I’m reading your Trusted Advisor Sales Engineer book and want to ask how as an inside Sales Engineer I can improve my client relationships. As background, I work with a dozen different salespeople, have at least six sales calls a day, and rarely speak with the same client more than twice. It is a tough environment with little time I can devote to what sales feels are non-essential tasks..
Rajiv : Bangalore, India
Hi Rajiv ,
Thanks for your question, and you are correct – that is a tough environment and not exactly conducive to rest and relaxation.
However, the good news is that you can start to make some small changes which will ultimately lead to better and more trustful relationships with both your clients and your salesreps. Here are a dozen ideas for you:
- Start with consistency of messaging. Have a photo of yourself, plus a little personal and professional info on your introduction slide. Write a 2-3 sentence introduction which all 12 salespeople can use when they introduce you on a call. It’s their chance to make you look good. Remember you are a person not a resource.
- Ensure that you communicate directly with your clients and prospects, and don’t route all communications through the rep as an intermediary. That’s a trust issue.
- Schedule some solo calls for purely technical follow-up. You’d be surprised what an SE can learn when there is no sales person around. (and every good sales person knows this)
- Treat every interaction as if you are going to physically meet that person next week. That helps with a positive attitude.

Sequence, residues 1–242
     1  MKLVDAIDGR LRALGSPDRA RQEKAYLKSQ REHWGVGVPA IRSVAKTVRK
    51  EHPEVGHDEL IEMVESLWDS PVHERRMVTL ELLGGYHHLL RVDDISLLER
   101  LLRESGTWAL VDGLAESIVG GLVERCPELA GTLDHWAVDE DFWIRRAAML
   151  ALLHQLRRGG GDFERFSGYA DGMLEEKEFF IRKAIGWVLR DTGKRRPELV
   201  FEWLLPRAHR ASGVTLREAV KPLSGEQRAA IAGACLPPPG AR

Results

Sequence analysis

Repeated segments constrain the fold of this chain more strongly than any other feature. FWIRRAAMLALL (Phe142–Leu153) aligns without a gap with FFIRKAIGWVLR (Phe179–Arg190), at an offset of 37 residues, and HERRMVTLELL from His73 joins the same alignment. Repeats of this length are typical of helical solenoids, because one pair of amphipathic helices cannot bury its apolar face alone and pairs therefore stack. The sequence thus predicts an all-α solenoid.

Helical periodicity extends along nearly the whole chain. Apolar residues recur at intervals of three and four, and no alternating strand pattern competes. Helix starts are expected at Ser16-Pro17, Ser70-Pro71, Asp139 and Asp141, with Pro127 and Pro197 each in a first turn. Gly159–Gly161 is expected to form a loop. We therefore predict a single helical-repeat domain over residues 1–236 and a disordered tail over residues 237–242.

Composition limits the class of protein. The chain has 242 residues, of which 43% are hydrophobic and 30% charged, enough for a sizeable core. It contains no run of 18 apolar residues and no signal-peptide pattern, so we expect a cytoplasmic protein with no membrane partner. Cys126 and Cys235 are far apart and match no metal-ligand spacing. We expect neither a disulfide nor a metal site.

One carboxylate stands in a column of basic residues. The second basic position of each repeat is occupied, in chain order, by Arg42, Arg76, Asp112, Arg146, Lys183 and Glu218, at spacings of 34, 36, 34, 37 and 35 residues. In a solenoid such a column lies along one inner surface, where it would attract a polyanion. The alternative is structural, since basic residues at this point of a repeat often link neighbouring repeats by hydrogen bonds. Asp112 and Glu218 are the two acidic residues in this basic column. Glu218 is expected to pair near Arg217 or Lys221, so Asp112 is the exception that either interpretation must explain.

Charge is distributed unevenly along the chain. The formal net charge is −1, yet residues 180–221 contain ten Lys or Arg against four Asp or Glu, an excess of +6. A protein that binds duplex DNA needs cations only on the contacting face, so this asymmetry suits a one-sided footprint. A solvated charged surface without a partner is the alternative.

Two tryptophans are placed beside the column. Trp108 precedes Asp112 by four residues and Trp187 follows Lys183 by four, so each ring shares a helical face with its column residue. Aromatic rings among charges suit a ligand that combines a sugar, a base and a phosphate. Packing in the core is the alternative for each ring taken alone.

- Visit some local clients. “Adopt” them.
- If a client uses your product in an interesting way, ask if you can learn more about their operations. You can trade knowledge, beta program access, “health checks” etc. for this.
- Volunteer for external marketing events, user group meetings and trade shows.
- Always look for a common bond with a client. That’s one reason to share a bit of personal and professional info up front. Sometimes you have to give before you get.
- Enable some partners. Especially if yours is a partner-driven organization and those partners drive a lot of business.
- Proactively supply your clients with useful information and updates. You’ll need to co-ordinate that with your sales partner.
- Develop a Twitter / LinkedIn/ Blog presence. Ask permission and discover corporate policies first!
- Focus on the relationship with the account execs too. Building trust with them (use “partner” a lot) makes your life easier and less stressful.
Working inside sales or small-medium-business (SMB) can make permanent relationships harder to build, but not impossible. It also pays dividends years later, when those contacts have moved onto other more senior positions in larger organizations. So there is a short term and a long term benefit. Trust me on that!
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